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Former auto executive says family wasn't involved in his escape, as investigations begin
By Sean McLain and Miho Inada in Tokyo and David Gauthier-Villars in Istanbul
This article is being republished as part of our daily reproduction of WSJ.com articles that also appeared in the U.S. print edition of The Wall Street Journal (January 3, 2020).
Japanese and Turkish authorities are probing the circumstances of Carlos Ghosn's flight from bail in Tokyo to Lebanon via Turkey, while the former auto executive said Thursday that he alone arranged for his escape.
Mr. Ghosn also said his family played no part in his fleeing Japan, where he faced charges for financial crimes.
"I alone arranged for my departure. My family had no role whatsoever," the former chief of Renault SA and Nissan Motor Co. said in a statement late Thursday. The Wall Street Journal and other media had reported associates of Mr. Ghosn had considered a plan to get him out of Japan for months, and that his wife, Carole Ghosn, had played a role. The Journal cited people familiar with the matter.
Japanese prosecutors went through the house where Mr. Ghosn had been living in Tokyo before fleeing the country. The visit, though, was one of the few outward signs that officials there were trying to figure out how he got away.
As of Thursday, no Japanese government official responsible for the Ghosn case had issued any public statement on the matter. Prosecutors didn't answer the phone, a Foreign Ministry official declined to comment and Prime Minister Shinzo Abe was on vacation.
Turkish prosecutors, meanwhile, have launched an investigation into how Mr. Ghosn made a stopover at Istanbul's Atatürk Airport unbeknown to local authorities, according to Turkish officials. They said prosecutors have detained seven people in connection with the investigation: four pilots, an airline manager and two ground personnel.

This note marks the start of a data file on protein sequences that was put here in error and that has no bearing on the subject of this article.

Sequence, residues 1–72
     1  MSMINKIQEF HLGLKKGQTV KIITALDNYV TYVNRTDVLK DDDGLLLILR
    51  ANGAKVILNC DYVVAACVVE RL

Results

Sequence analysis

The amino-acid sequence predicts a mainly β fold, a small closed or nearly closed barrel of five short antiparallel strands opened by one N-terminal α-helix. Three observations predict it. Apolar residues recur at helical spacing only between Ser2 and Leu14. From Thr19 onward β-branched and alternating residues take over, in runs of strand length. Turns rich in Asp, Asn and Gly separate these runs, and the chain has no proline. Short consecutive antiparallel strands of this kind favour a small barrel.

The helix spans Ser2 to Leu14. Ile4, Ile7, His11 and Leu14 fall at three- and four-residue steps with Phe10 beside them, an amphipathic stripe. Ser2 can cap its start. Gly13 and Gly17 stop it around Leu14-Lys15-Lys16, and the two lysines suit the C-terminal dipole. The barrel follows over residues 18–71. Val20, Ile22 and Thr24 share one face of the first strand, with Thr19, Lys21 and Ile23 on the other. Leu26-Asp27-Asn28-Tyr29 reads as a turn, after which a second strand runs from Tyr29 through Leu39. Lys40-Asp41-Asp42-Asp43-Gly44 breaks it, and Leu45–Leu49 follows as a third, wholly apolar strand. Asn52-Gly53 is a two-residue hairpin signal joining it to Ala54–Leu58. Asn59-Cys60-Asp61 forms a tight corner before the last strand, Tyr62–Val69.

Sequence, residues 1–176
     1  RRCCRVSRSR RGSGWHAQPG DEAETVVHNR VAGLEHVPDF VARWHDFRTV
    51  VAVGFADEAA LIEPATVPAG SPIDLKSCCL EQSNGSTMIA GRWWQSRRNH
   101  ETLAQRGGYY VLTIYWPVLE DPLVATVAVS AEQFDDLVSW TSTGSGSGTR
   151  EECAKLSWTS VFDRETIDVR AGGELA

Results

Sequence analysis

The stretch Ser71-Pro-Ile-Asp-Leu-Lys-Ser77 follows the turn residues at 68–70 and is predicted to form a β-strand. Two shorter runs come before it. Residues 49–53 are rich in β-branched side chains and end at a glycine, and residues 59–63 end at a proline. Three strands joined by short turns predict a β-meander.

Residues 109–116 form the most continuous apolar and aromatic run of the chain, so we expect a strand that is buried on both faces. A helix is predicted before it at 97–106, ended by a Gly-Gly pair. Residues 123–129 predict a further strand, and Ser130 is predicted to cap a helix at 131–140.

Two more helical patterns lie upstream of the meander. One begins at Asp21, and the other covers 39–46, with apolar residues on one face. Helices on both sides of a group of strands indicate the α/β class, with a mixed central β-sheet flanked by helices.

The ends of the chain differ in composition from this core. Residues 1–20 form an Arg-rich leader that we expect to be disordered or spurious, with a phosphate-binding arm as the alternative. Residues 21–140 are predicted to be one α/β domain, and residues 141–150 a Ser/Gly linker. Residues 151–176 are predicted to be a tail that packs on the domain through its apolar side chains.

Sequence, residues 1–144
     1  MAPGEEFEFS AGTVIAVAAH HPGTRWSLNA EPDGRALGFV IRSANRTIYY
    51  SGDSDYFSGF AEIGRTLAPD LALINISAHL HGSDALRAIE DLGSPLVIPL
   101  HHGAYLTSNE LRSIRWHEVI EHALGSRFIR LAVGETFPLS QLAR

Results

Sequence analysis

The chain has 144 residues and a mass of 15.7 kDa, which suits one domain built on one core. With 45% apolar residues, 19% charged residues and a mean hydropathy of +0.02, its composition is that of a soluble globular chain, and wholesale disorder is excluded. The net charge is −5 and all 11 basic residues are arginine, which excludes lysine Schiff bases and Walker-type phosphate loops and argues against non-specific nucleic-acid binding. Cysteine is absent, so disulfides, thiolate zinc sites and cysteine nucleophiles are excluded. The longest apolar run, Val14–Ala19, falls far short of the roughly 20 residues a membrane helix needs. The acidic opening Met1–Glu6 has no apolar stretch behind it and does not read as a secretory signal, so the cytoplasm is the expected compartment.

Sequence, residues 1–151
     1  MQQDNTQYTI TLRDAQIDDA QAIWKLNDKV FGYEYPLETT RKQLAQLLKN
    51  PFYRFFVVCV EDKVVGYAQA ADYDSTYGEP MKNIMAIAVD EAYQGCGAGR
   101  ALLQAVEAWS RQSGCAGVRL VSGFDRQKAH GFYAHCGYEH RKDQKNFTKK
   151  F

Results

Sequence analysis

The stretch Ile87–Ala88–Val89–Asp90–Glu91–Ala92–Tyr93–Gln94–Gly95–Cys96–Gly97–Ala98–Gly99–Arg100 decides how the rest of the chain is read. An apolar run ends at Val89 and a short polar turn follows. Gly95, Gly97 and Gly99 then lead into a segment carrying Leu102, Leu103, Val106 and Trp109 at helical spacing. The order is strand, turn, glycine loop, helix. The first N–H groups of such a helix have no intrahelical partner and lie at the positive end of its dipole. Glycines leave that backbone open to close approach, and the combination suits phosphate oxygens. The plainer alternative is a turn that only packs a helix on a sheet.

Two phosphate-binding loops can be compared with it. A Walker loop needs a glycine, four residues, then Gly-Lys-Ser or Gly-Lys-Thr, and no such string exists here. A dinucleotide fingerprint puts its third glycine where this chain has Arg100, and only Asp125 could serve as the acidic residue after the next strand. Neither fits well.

The investigations come as authorities in Lebanon received an Interpol arrest notice for the former Nissan Motor chairman, according to a Justice Ministry statement posted on the official Lebanese state news agency.
An Interpol Red Notice isn't an international arrest warrant, and member countries aren't obliged to arrest an individual under notice. But the alert could impede Mr. Ghosn's ability to travel outside Lebanon, especially to a country that has an extradition agreement with Japan. Lebanon has no extradition treaty with Japan. Mr. Ghosn has French, Brazilian and Lebanese nationality.
In a high-price area in Tokyo, authorities spent several hours in the three-story house where Mr. Ghosn had been staying before his escape. When the investigators emerged they declined to say what they were looking for.
One reason for Tokyo's official silence is Mr. Ghosn's timing. The first word of his escape came on the morning of Dec. 31, just as Japan was entering its most important holiday, the New Year's break. The nation mostly shuts down for the first few days of the year, with people traveling to visit family and enjoy special New Year's dishes.
It appeared authorities weren't in a hurry to interrupt their vacations for the sake of Ghosn postmortems. A spokesman for Kansai International Airport near Osaka said on Thursday that prosecutors and police hadn't contacted the airport to seek its cooperation, although he said he didn't know whether employees had been contacted individually. The Journal and some Japanese media reported that a long-range Bombardier business jet left the Kansai airport on Sunday night and landed in Turkey Monday morning -- matching what is known of Mr. Ghosn's movements en route to Lebanon.